Contributed by Ng Choon Yon and Greyson Siow Wai Pin from Messrs Ismail Sabri, Wee & Wong (ISW Legal IP)
In budget 2017, the government announced three amendments to the Real Property Gains Tax (RPGT) that will affect non-citizens and non-permanent residents that came into effect on Jan 1, 2018.
If you are a Purchaser/Acquirer acquiring a property from a person who is not a citizen or a Permanent Resident, you are now legally required to retain, either the whole of the cash consideration or 7% of the purchase consideration, whichever is lesser, and to remit the monies retained to the Inland Revenue Board (IRB) within sixty days of the signing of the Sale and Purchase Agreement (SPA).
There has been an increase in the retention sum from 3% to 7% of the purchase consideration. This is a significant change that will affect non-citizens and non-permanent residents especially those looking into selling their properties as they need to make prior arrangements. This is because the Vendor/Seller can expect to receive only 30% of the 10% deposit for the purchase price in a standard SPA as the remaining 70% has to be retained and remitted by the Purchaser following the new amendments.
On the disposal of property by a Malaysian citizen or permanent resident, there has been no change in the amount of retention sum, and it remains at 3% of the purchase consideration.
An amendment is made to Schedule 2 Paragraph 3 of the Real Property Gains Tax Act 1976 (RPGT Act) to provide that the disposal price shall only be deemed to be equal to the acquisition price in the case of:
(a) a transfer of asset between spouses, where the asset to be disposed of is owned by the husband or the wife, who is a citizen; and
(b) a transfer of asset to a company, where the asset to be disposed of is owned by an individual or the individual’s wife, who is a citizen, or where the asset is jointly owned by the individual and his wife, both of whom are citizens, or where the asset is jointly owned by the individual and his connected person, both of whom are citizens.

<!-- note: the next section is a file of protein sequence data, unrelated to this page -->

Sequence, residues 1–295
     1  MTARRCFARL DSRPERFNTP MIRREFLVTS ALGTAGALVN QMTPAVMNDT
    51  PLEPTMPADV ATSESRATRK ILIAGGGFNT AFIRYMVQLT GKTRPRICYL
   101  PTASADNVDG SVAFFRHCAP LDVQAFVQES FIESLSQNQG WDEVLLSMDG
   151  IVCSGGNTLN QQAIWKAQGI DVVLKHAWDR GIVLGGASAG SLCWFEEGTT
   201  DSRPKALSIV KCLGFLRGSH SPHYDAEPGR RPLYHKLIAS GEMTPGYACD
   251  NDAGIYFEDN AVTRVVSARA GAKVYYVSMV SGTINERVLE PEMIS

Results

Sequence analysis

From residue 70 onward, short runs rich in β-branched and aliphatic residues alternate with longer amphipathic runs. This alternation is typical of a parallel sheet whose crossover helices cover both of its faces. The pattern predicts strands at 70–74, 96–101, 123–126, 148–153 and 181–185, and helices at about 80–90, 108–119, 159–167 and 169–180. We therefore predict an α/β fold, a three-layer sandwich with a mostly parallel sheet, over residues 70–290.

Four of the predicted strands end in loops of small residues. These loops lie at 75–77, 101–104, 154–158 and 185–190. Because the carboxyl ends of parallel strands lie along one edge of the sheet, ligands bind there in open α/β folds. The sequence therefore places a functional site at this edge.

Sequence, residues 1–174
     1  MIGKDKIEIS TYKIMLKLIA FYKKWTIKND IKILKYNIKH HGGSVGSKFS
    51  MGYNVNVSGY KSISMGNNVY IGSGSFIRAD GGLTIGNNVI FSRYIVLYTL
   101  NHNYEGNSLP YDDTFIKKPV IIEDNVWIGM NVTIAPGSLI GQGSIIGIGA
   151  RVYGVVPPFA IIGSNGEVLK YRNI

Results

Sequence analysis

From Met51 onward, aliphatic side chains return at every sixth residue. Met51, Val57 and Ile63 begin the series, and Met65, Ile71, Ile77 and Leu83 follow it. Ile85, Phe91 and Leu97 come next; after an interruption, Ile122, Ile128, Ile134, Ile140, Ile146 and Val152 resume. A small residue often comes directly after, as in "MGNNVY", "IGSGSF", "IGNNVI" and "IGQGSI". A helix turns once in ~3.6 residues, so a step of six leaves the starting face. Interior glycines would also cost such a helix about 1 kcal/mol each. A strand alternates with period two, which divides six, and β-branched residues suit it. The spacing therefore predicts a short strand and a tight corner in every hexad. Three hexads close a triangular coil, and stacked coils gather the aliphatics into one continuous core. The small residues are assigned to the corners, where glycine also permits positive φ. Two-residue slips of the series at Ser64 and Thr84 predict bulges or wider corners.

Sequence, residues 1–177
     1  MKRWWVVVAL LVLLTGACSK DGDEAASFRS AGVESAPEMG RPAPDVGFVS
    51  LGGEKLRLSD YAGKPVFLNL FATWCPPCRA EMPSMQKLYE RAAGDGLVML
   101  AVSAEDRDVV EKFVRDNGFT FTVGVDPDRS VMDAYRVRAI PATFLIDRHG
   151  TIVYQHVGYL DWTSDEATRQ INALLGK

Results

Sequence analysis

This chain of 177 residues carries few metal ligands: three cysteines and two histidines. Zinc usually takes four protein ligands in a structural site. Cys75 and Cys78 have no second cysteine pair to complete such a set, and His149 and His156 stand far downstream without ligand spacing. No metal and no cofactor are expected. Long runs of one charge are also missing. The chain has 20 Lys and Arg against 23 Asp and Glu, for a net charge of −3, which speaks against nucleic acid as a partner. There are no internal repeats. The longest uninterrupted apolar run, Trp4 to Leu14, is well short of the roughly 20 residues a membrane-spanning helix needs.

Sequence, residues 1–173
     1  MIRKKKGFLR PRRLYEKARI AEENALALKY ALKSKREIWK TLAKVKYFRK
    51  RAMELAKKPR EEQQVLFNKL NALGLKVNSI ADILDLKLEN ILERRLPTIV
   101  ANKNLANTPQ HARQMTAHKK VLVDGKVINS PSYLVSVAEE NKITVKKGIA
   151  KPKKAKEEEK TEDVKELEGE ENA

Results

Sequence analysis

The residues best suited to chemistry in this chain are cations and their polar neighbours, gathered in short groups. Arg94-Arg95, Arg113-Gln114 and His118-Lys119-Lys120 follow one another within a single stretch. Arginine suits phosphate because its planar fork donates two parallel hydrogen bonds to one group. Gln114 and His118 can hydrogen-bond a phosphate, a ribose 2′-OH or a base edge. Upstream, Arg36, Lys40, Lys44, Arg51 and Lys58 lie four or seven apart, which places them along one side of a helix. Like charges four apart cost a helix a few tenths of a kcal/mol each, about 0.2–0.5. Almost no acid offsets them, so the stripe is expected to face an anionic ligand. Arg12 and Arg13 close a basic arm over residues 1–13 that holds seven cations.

As you may note, this “no gain, no loss” rule does not cover the transfer of asset owned by a non-citizen. Previously, there was no requirement for the disposer of the chargeable asset to be a Malaysian citizen for the sale transaction to be deemed as a “no gain, no loss” transaction. This means that in the event a non-citizen making a profit from the sale, the IRB will reinstate and treat it as a gain for RPGT purposes.
Part III of Schedule 5 of the RPGT Act has been amended and expanded to apply the same tax rates imposed on an individual who is not a citizen and not a permanent resident to the executor of the estate of a deceased person who is not a citizen and not a permanent resident.
With these three amendments to the RPGT Act, it is clear that the non-citizens and non-permanent residents will no longer be given the same treatment as the Malaysian and permanent residents.
The current applicable RPGT rates are set out in the table below:
|Holding Period||Citizen or Permanent Resident||Company||Non-Citizen or Non-Permanent Resident|
|within 1 year||30%||30%||30%|
|within 2 years||30%||30%||30%|
|within 3 years||30%||30%||30%|
|within 4 years||20%||20%||30%|
|within 5 years||15%||15%||30%|
|Beyond 5 years||0%||5%||5%|
Source: the Corporate and Conveyancing Practice Group of Messrs Ismail Sabri, Wee & Wong (ISW Legal IP)
(c) ISW Legal IP. All rights reserved. The views and opinions attributable to the author or editor of this publication are not to be imputed to the firm. The contents of this publication are intended for purposes of general information and academic discussion only. It should not be construed as legal advice or legal opinion on any fact or circumstance.
About the Contributors
Ng Choon Yon and Greyson Siow Wai Pin is partners at Messrs Ismail Sabri, Wee & Wong (ISW Legal IP). The firm is licensed to practice as a Registered Patent, Trademark and Industrial Design Agent and thus expanded its practice to include Intellectual Property and Information Technology laws. Currently, the firm’s practice area has also expanded to include Corporate and Commercial laws to serve a wider range of its clients’ needs. More information can be found at ISW Legal
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